Leeds Today: bettakultcha, biscuits, brutalism, Batley, buses, business and Sir Jim.

Morning! It’s Monday again but for many of us it will be a short week. And what a week! But first, the news.

The publication of the public transport inrastructure plan has provoked anger in Yorkshire and Humberside transport authorities and MPs, reports the Yorkshire Post. 84% of the funding earmarked for transport improvements is going to London, and the long hoped-for trolleybus scheme for Leeds has been put on hold again by the DfT.

The BBC has more details on how much is actually being spent on transport regoinally: £2,700 per head in London vs £5 per head in the North East (which is frankly appalling, given the rural community aspects of public transport up there) and £201/head in Yorkshire and Humberside. And it’s against this backdrop that First have announced fare rises in the New Year, with a £1.90 fare rising to £2 and the cost of a dayrider going up to £3.80. (their comment about fare prices not changing in 16 months is a little disingenuous, as the “simplifying” fares idea that came in earlier in the year saw many bus journeys increase in price.)

The BBC is reporting that ten fire stations in West Yorkshire are to close in restructuring plans to save the Fire Authority £18m. The stations that are closing are Gipton, Stanks, Rawdon, Otley, Brighouse, Elland, Hemsworth, South Elmsall, Batley and Dewsbury, to be replaced with five new “super stations” at Killingbeck, Menston, Rastrick, South Kirkby and Batley Carr. 102 jobs are expected to be lost.

Campaigners in Morley have been celebrating keeping their local library open with a storytime session, says the Morley Observer. The library, which was one of those scheduled for closure by LCC, will change ownership to the Friends of Drighlington Community net year, but in the meantime remains open thanks to the 35 volunteers who give up their time to keep the space open.

The departure of a playgroup from Howden Clough Community Centre in Batley means that there is spare capacity in the timetable for more daytime activities, although the centre is in need of some renovation work (Batley News). More volunteers are needed to help run the centre, too – but community groups in the area will be more able to find somewhere to meet.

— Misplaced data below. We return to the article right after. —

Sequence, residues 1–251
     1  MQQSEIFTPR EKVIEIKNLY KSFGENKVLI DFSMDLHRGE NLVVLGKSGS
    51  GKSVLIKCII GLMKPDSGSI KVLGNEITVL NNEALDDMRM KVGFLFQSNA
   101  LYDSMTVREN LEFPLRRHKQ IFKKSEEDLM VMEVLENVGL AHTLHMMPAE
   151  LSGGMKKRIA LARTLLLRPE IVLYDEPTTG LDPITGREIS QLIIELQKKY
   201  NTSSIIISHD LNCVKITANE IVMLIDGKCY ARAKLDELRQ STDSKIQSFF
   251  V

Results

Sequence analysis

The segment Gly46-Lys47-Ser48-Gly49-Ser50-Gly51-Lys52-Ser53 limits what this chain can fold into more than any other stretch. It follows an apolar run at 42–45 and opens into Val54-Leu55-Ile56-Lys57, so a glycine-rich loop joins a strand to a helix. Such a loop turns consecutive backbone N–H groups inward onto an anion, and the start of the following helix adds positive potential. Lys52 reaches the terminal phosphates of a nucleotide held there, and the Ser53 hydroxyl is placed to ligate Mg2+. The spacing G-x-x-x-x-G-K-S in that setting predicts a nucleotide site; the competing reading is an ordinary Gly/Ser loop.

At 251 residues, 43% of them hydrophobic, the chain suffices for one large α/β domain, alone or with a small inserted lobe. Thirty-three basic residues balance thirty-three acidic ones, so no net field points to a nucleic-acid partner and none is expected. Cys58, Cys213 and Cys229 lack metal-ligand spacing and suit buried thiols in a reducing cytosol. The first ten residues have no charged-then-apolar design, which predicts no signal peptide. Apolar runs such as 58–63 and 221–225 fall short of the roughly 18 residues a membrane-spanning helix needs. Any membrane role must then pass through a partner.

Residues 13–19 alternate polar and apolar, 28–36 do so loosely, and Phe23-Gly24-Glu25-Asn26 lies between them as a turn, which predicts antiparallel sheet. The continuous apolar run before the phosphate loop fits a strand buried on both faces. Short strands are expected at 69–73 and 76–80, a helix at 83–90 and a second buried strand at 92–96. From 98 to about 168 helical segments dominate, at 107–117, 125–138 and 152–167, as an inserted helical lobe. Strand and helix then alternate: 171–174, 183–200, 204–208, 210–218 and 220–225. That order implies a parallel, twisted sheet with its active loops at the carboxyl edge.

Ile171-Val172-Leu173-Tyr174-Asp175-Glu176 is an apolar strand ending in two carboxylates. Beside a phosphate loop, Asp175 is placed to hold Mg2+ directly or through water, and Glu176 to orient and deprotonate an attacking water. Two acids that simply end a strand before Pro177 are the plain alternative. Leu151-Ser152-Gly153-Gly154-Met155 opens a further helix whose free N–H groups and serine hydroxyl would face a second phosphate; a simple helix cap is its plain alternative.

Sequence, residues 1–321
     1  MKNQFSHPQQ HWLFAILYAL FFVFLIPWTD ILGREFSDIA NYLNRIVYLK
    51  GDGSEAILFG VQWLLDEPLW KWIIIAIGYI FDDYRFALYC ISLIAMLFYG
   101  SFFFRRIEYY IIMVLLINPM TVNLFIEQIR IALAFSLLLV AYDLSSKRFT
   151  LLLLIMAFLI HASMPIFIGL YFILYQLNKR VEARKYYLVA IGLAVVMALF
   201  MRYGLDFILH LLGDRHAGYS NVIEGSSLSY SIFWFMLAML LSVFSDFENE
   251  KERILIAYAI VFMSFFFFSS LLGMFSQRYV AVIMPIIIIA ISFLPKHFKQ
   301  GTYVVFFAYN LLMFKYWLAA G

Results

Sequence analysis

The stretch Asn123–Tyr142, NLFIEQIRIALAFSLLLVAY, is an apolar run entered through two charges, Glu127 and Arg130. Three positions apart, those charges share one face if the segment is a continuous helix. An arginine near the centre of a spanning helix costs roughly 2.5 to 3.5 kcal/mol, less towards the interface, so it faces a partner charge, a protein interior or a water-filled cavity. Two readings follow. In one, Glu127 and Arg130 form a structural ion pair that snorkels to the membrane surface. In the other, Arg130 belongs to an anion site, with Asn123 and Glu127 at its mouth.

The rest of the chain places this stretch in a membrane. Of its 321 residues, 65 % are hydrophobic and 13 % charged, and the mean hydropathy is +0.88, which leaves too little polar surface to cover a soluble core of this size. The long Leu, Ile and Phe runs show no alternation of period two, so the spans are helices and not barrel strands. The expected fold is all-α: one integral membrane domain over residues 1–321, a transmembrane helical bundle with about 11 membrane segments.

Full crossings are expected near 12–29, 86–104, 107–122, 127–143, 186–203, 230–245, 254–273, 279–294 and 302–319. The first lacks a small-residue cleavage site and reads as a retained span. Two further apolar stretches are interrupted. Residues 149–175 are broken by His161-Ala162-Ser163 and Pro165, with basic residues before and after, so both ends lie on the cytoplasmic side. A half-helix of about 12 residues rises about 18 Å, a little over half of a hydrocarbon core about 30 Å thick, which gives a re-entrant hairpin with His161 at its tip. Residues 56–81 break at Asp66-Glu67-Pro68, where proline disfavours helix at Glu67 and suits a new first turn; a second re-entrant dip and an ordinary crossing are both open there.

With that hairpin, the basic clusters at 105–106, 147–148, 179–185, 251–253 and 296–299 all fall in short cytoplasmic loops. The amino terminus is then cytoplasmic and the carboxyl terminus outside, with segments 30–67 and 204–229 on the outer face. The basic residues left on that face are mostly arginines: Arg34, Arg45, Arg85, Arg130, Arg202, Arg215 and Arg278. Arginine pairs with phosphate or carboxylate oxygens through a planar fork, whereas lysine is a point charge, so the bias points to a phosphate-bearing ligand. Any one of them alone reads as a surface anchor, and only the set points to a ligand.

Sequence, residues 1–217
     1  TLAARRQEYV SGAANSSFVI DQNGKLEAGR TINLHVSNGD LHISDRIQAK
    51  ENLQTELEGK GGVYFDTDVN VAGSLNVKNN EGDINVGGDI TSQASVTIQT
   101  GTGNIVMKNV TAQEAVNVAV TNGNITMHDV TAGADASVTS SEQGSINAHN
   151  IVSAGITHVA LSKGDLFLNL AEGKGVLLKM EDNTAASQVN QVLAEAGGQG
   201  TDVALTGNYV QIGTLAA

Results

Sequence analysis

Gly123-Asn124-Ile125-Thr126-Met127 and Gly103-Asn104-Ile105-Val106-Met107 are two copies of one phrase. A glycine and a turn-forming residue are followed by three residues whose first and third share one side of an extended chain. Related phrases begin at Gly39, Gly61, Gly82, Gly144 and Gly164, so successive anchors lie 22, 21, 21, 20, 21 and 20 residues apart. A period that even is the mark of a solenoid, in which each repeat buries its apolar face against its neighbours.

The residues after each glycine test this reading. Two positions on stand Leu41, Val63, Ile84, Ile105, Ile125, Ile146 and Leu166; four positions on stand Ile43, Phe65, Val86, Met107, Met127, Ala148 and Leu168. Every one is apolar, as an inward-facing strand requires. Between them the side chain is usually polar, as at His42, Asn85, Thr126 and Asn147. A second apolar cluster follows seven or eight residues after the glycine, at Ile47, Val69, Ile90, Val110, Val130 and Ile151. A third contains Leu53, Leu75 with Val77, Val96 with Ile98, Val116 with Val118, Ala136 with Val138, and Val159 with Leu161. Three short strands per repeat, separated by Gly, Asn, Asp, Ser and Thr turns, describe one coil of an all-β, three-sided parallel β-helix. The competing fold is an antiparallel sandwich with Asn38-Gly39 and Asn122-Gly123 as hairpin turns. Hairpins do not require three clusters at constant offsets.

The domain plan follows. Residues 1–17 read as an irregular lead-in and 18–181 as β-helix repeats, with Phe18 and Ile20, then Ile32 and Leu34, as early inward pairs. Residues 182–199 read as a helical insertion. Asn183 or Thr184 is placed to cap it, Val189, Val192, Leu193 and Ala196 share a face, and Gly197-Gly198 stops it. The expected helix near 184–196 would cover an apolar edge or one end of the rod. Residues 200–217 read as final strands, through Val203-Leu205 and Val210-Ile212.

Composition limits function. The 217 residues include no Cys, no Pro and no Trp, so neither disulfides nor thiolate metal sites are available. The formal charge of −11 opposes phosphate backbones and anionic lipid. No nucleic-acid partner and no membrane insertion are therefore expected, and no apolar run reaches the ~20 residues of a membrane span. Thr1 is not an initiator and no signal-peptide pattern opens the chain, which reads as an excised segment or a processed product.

The YEP has an article on a Leeds-based pancake maker that has benefited from a £9k grant from LCC’s Business Growth Fund. Local businesses can apply for up to £10k from the fund for refits and new kit.

Also in the YEP is a report on the Sir Jimmy Savile tribute walk that happened on Saturday around Roundhay park. The organisers – relatives of Sir Jim – were trying to raise funds for the spinal care unit at LGI. The weather meant that turnout was quite low, but plans to make this a regular event are well underway.

A Leeds soldier has told the BBC of how his standard issue radio saved his life as it diverted a Taliban bullet. Cpl Paddy Dyson, from The Yorkshire Regiment, was under fire in Helmand and survived partially thanks to the backpack radio.

The YEP has details on the Catch-Up Exhibition at the Top-Up art gallery in Holbeck last Thursday. The plans are to open up for the third Thursday in each month for the next six months, and using the old newsagents on Water Lane as the site is all part of Holbeck’s emerging character.

LCC has announced the return of the Ice Cube, with a change in design and some new facilities being put into place, including a nursery rink and a bobsleigh simulator. It will open on Jan 27th, more details (including pricing and booking details) will be coming soon.

This week is a busy one at the Corn Exchange; cultural phenomenon Bettakultcha will be in situ on Tuesday evening (where at least one BGL staffer will be presenting), quickly followed by Cornucopia, a foodie festival that back in October was a big hit. The stalls for Cornucopia will be in place from Wednesday to Friday, with a supperclub session on Friday from local folks who run occasional restaurants from their domestic kitchens.

My Life in Leeds is looking for writers; if you’re local to the city and are able to write then Darren would like to hear from you.

Finally today, two articles from the Culture Vultures. Jayne Rodgers takes a closer look at some of the brutalist architecture in the city (well, the University) and Irna Qureshi asks What does your favourite biscuit say about you? More details will be coming out at her Bettakultcha talk tomorrow night, I’m sure!

And that’s it for today. Don’t forget we shut up shop on Wednesday where we’ll announce the winners of the BGL alternative photo competition 2011, and thank a lot of people who have given us support, stories and inspiration since we opened up back in May. Thanks for reading; Ells will be with you tomorrow.

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